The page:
Short Introduction to CPUs and Terminology

There are many elements that go into any modern computer: the CPU/APU, motherboard, memory, (optional) GPU, storage, case, and power supply. While some items like the case and power supply don't usually have an impact on performance, the CPU is one of the core elements and should be carefully selected. The goal today is to give a short overview of the level of performance you can expect across a large selection of CPUs/APUs.

Of course the choice of CPU also limits your choice of motherboard and potentially other components, but that's a topic for another day. Briefly, both AMD and Intel have several current platforms, and each CPU/APU requires a specific class of platform (i.e. a certain CPU/APU socket). AMD currently has the FM2/FM2+ platforms for APUs, with the AM3+ platform being used for CPUs (though AM3+ is mostly being phased out at this stage); Intel has platforms for sockets LGA1150 and LGA2011, with the latter being a higher performance/higher cost "Extreme" platform that borrows quite a bit from Intel's workstation platform (and LGA2011 is set to be replaced by a new platform next month).

Before we go any further, let's take a step back and quickly cover some of the terms we'll be throwing around. CPU stands for Central Processing Unit, and broadly speaking it handles most of the calculations that a modern PC performs in order to do useful work. APU stands for Accelerated Processing Unit, and it's AMD's marketing term for a CPU that also includes a GPU (Graphics Processing Unit), with the distinction being that the GPU portion must be able to perform at a minimum a certain subset of calculations. AMD's APUs all have at least DirectX 11 capabilities, and while Intel now includes DX11 GPUs (called "processor graphics") in most of their CPUs, in general AMD's APUs have faster/better graphics than Intel's CPUs.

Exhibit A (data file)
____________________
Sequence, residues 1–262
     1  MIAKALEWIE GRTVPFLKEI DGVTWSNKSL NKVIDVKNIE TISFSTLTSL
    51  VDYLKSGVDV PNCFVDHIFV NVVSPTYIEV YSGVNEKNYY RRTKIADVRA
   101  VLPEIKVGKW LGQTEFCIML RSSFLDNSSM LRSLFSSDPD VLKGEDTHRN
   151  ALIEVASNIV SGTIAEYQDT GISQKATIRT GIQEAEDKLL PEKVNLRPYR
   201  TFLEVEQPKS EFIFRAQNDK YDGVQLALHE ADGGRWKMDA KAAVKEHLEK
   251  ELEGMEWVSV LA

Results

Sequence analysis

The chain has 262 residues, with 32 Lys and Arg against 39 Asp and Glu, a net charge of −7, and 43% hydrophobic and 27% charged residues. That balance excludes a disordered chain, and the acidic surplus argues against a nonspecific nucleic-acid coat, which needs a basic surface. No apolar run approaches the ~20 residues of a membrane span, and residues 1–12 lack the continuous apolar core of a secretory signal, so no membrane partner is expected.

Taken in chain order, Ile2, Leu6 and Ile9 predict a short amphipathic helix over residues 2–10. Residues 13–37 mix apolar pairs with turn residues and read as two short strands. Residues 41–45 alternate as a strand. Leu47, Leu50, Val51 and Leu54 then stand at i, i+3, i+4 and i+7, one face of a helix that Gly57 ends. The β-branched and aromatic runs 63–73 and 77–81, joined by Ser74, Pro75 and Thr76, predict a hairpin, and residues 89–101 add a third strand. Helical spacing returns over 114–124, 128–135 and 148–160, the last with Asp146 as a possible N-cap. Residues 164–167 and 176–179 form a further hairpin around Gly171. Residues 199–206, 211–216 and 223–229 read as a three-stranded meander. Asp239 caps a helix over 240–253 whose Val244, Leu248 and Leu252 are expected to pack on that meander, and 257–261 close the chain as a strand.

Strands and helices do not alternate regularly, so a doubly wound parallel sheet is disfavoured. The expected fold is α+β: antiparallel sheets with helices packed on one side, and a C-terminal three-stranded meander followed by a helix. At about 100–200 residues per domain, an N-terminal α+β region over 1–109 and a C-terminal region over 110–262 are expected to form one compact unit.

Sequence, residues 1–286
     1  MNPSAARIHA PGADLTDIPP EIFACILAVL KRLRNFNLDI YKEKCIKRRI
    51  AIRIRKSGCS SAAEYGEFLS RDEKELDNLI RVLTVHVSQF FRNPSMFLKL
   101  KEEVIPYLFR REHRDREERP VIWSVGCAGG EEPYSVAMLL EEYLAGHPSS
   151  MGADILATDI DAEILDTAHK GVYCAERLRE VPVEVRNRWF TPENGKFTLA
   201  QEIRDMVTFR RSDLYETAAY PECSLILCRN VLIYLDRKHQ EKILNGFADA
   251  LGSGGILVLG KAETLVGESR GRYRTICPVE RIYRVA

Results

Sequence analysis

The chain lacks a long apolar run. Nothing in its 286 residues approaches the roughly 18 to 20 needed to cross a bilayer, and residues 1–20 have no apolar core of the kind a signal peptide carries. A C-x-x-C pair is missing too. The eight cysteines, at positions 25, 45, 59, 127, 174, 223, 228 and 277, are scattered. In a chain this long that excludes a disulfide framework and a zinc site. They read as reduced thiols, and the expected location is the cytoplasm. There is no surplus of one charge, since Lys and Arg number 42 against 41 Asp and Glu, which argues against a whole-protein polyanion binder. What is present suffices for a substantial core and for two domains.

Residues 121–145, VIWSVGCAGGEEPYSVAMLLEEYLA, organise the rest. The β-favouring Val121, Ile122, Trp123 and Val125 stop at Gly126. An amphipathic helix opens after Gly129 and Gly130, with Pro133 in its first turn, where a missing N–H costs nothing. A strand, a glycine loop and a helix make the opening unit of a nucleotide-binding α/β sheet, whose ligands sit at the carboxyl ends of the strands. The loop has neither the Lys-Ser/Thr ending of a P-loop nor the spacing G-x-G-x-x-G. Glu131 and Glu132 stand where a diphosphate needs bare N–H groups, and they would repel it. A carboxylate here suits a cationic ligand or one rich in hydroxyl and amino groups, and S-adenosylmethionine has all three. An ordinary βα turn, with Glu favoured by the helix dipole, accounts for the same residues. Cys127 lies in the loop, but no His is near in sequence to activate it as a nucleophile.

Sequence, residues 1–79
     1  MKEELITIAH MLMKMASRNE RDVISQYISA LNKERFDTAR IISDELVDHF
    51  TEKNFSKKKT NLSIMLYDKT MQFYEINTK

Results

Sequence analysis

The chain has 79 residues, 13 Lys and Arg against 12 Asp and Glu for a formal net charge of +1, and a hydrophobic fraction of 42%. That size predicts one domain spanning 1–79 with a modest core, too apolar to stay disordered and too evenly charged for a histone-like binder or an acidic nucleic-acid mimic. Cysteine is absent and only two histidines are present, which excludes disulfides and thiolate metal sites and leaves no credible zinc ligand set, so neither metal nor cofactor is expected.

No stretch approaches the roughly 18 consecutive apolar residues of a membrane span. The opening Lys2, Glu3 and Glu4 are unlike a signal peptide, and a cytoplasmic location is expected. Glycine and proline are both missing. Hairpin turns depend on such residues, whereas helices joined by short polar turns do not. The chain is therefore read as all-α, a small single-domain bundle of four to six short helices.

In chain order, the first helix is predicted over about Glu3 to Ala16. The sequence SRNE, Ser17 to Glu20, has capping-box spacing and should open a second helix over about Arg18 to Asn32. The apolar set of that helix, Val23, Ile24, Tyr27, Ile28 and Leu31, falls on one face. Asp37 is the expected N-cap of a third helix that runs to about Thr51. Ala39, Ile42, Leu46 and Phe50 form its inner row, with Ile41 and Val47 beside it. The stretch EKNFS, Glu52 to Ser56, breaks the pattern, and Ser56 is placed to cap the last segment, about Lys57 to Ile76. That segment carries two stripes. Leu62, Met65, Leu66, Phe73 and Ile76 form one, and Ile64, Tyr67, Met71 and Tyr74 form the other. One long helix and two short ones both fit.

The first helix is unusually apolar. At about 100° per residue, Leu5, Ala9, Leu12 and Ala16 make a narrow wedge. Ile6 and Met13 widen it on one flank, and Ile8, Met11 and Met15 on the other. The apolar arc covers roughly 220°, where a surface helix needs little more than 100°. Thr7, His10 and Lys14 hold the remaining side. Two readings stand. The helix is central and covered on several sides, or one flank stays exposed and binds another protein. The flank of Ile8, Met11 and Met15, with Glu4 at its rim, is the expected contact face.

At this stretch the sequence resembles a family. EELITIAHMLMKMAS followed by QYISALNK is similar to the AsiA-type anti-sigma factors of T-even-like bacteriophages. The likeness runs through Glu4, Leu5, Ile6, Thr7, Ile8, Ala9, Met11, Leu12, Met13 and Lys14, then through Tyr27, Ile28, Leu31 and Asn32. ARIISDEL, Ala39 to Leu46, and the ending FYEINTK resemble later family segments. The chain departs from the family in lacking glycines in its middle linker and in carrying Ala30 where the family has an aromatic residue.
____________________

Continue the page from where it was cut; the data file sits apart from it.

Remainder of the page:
Then we come to the processor model numbers. It would be great if higher numbers were universally better, but these days all CPUs/APUs use model numbers that are similar to what you'll find with many other products (e.g. cars). A higher number can mean many things – better performance, more features, lower power, a newer part, etc. – and both AMD and Intel have several families of processors. There are also differences between generations of processors that can have an impact on performance and features, but again this is a topic to address in greater detail elsewhere.

The short summary is that on the Intel side, in order of increasing performance/features the processor families include the Celeron, Pentium, Core i3, Core i5, and Core i7. For AMD, things are a bit easier as their processor models consist of the A4, A6, A8, and A10 APUs, along with FX-series CPUs (i.e. no graphics, though AMD is releasing mobile FX-series APUs now in the laptop market). If you want to know more about the features and specifications of any particular processor, you can use Intel's ARK or AMD's desktop APUs and desktop CPUs.